Newswise — Global Temperature Report: January 2017
Tropics cool in January; globe doesn’t
Global climate trend since Nov. 16, 1978: +0.12 C per decade
January temperatures (preliminary)
Global composite temp.: +0.30 C (about 0.54 degrees Fahrenheit) above 30-year average for January.
Northern Hemisphere: +0.27 C (about 0.49 degrees Fahrenheit) above 30-year average for January.
Southern Hemisphere: +0.33 C (about 0.59 degrees Fahrenheit) above 30-year average for January.
Tropics: +0.07 C (about 0.13 degrees Fahrenheit) above 30-year average for January.
December temperatures (revised):
Global Composite: +0.24 C above 30-year average
Northern Hemisphere: +0.19 C above 30-year average
Southern Hemisphere: +0.30 C above 30-year average
Tropics: +0.21 C above 30-year average
(All temperature anomalies are based on a 30-year average (1981-2010) for the month reported.)
Notes on data released Feb. 1, 2017:
Temperatures in the tropical atmosphere continued to drop in January as temperatures there moved closer to their long-term averages, according to Dr. John Christy, director of the Earth System Science Center at The University of Alabama in Huntsville. Composite temperatures over both hemispheres, however, bumped slightly warmer in January, especially in the higher latitudes. In the Northern Hemisphere, pockets of warmer than normal air were especially pronounced over the eastern U.S., Canada and the North Atlantic. In the Southern Hemisphere, Australia and a large area of southern ocean between South America and New Zealand were warmer than normal.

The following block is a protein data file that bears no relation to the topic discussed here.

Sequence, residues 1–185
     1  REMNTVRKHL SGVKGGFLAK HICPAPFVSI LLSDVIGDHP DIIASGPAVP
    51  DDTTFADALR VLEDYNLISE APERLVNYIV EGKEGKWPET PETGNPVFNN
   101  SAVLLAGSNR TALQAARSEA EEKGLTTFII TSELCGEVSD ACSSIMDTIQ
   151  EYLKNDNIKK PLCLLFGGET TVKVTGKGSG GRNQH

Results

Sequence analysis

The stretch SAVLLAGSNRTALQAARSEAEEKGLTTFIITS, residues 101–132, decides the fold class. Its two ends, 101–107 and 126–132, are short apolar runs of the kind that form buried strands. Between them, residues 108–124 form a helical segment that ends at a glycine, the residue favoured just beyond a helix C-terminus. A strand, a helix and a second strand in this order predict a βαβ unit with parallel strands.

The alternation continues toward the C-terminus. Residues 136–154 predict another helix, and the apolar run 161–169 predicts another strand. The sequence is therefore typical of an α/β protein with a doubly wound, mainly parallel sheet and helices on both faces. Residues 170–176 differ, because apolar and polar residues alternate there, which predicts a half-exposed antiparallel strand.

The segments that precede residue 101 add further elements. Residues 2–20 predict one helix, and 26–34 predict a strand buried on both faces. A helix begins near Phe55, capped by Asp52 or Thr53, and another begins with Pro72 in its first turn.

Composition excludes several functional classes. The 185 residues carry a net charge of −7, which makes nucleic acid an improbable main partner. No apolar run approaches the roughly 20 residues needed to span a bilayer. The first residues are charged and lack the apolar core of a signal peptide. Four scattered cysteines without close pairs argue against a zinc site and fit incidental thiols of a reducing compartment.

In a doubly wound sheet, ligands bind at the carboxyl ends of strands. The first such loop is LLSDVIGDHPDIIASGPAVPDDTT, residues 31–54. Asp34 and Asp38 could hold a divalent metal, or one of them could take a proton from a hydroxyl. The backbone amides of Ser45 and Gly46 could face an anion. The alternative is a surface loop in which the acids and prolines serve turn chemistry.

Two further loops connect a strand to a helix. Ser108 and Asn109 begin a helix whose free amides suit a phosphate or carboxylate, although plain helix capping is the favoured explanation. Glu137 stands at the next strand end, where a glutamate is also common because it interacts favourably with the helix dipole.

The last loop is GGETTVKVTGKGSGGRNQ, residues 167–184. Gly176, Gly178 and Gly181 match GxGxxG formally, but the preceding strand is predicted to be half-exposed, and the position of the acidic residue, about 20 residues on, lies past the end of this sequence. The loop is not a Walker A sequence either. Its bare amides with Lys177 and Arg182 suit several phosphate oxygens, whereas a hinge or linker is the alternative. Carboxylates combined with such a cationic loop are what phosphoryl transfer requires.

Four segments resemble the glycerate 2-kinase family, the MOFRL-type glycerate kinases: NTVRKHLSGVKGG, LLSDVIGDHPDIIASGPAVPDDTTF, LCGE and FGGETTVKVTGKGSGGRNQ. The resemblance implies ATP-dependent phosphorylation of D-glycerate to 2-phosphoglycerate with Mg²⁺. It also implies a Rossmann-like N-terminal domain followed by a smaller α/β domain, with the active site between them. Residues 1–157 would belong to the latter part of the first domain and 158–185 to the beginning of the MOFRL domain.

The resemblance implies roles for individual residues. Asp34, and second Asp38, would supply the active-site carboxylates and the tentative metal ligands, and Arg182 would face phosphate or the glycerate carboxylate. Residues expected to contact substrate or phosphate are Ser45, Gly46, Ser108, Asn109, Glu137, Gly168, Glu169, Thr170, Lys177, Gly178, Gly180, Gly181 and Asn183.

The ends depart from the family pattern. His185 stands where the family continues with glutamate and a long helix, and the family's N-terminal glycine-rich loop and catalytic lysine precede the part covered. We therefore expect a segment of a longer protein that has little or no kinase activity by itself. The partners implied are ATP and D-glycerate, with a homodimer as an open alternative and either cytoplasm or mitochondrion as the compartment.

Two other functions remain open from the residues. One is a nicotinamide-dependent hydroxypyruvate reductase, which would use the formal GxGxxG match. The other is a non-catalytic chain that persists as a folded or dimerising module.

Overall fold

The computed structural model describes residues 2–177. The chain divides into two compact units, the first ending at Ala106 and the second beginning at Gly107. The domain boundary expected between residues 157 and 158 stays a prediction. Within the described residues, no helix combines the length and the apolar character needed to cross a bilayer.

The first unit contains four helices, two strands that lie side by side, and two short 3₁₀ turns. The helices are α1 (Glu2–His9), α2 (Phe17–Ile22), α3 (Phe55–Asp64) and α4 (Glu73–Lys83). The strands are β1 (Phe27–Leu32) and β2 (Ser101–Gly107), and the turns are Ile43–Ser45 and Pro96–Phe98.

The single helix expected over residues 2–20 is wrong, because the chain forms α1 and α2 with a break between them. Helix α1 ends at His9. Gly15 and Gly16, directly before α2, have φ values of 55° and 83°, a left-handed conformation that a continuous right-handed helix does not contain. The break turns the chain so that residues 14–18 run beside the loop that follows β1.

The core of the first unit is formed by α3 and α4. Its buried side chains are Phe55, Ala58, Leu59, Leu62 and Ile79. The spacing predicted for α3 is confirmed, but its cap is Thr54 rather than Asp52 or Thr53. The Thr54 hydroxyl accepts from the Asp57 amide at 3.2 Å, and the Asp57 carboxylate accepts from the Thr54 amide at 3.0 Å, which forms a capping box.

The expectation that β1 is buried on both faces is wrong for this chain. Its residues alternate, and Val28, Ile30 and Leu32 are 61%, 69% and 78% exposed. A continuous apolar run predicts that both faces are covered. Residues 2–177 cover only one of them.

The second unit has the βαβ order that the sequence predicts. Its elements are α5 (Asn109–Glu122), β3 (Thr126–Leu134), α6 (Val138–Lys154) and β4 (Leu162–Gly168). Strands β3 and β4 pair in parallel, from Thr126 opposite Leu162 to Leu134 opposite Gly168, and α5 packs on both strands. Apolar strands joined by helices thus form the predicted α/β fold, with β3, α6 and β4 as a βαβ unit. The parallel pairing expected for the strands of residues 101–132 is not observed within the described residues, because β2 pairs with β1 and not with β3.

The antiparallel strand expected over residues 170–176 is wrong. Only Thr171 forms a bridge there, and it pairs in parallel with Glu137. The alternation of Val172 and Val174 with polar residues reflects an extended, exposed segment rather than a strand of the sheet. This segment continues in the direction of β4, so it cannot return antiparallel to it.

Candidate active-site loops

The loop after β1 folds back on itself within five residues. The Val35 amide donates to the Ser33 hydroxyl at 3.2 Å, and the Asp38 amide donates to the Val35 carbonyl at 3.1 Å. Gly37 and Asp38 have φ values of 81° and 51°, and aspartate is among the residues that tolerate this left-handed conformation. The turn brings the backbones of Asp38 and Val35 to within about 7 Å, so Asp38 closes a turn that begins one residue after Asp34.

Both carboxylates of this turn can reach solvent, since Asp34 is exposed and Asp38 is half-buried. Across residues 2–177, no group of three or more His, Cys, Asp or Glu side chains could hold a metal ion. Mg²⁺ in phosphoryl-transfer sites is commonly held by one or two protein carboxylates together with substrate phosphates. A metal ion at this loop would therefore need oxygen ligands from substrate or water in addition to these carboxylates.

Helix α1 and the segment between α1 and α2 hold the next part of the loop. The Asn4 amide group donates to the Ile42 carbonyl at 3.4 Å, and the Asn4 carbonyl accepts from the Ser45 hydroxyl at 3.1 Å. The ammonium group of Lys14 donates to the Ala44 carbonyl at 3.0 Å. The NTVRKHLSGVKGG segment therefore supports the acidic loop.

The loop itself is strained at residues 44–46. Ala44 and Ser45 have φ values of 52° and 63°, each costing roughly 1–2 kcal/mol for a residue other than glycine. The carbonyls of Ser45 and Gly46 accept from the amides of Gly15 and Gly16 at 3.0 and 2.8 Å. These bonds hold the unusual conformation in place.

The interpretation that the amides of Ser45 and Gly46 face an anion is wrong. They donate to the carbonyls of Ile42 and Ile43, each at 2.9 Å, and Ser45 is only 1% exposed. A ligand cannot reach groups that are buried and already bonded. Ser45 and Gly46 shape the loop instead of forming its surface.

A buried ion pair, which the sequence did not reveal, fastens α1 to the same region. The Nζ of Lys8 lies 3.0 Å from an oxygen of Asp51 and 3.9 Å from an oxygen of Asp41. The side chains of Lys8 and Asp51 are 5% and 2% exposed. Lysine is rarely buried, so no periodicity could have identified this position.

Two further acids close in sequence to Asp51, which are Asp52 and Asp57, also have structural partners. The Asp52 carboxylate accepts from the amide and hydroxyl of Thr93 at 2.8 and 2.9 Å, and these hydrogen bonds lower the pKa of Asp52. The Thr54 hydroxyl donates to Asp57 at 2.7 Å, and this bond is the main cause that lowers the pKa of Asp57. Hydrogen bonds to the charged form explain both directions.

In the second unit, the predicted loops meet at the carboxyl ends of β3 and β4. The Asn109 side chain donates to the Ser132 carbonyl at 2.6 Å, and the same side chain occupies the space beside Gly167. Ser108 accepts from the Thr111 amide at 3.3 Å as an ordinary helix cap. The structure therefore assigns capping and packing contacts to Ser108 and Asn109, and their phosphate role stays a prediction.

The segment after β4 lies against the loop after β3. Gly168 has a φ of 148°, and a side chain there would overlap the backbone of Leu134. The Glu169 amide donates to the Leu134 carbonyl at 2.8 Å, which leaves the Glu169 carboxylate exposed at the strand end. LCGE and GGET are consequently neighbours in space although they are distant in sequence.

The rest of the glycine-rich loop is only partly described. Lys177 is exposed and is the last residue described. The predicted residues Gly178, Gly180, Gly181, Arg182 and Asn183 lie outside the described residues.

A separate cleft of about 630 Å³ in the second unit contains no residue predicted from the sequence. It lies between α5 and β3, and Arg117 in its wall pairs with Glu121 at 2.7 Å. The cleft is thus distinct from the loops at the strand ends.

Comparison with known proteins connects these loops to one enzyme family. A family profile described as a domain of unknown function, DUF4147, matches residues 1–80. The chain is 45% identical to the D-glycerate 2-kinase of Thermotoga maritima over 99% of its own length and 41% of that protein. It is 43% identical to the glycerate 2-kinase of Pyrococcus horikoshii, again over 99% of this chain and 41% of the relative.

Compared to seasonal norms, the warmest average temperature anomaly on Earth in January was in the southern Indian Ocean about 1,000 miles north of the Getz ice shelf in Western Antarctica. January temperatures there averaged 4.98 C (about 8.96 degrees F) warmer than seasonal norms. Compared to seasonal norms, the coolest average temperature on Earth in January was off the east coast of Tunisia in the Gulf of Hammamet. January temperatures there averaged 2.91 C (about 5.24 degrees F) cooler than seasonal norms.
The complete version 6 lower troposphere dataset is available here:
Archived color maps of local temperature anomalies are available on-line at:
As part of an ongoing joint project between UAH, NOAA and NASA, Christy and Dr. Roy Spencer, an ESSC principal scientist, use data gathered by advanced microwave sounding units on NOAA and NASA satellites to get accurate temperature readings for almost all regions of the Earth. This includes remote desert, ocean and rain forest areas where reliable climate data are not otherwise available.
The satellite-based instruments measure the temperature of the atmosphere from the surface up to an altitude of about eight kilometers above sea level. Once the monthly temperature data are collected and processed, they are placed in a "public" computer file for immediate access by atmospheric scientists in the U.S. and abroad.
Neither Christy nor Spencer receives any research support or funding from oil, coal or industrial companies or organizations, or from any private or special interest groups. All of their climate research funding comes from federal and state grants or contracts.